Stepping Up to the Work of It


After a high-energy first day at Sitting Bull College, the second day of the Lakota Summer Institute, Crow Summer Institute and MHA Summer Institute is the day when everyone comes down to Earth and realizes that this language-learning thing is work.

After a day split into two classes, the Lakota Phonology class of 40 people decided to recombine into one super-sized class, co-taught by two instructors, Michael Moore and Armik Mirzayan.

Mirzayan, who teaches a Lakota-language education curriculum at the University of South Dakota, then seesaws to the other extreme.  As an instructor for the MHA Summer Institute, he turns his linguistic skills towards Arikara – which means sitting with just one teacher from the MHA Nation, cross-checking notes on spelling and word structure.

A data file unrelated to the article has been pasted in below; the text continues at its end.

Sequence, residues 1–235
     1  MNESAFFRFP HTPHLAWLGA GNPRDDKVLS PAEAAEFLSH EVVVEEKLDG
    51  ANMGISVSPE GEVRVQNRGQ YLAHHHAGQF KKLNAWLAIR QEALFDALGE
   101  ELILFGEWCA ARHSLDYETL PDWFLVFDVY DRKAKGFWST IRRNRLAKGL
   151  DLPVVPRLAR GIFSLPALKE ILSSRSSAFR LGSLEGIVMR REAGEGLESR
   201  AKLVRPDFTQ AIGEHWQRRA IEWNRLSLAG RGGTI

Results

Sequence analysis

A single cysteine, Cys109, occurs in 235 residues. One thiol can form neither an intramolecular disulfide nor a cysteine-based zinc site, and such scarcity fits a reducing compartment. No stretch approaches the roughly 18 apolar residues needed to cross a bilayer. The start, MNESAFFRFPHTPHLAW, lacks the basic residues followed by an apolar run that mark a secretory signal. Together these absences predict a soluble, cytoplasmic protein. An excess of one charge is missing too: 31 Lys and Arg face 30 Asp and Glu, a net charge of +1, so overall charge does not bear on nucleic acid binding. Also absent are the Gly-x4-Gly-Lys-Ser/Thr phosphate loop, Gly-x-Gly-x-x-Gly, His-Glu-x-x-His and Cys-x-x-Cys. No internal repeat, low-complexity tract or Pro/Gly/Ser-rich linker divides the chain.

Armik Mirzayan

Armik Mirzayan


“Whereas Lakota uses more sounds than English does, Arikara has less,” Mirzayan said, “just 12 consonants and some vowels.” He said the consonants might be whispered rather than fully voiced, and verbs are so important, they may be 10 to 15 syllables long. “Now we have to figure out how she can explain all of this to her students,” he said.

Another instructor doing double-duty around Sitting Bull College this week is linguist John Boyle, who is teaching at the Crow Summer Institute, and is also working with Hidatsa language teachers at the MHA Summer Institute.  He noted that the positive, can-do atmosphere generated at Sitting Bull and LSI has allowed Hidatsa teachers to explore the importance of a standardized spelling system.  “They have had a lot of variation in spelling, using English letters,” Boyle said, “but now we are talking about the advantages of sticking to the Hidatsa alphabet and not filtering the language through English.”

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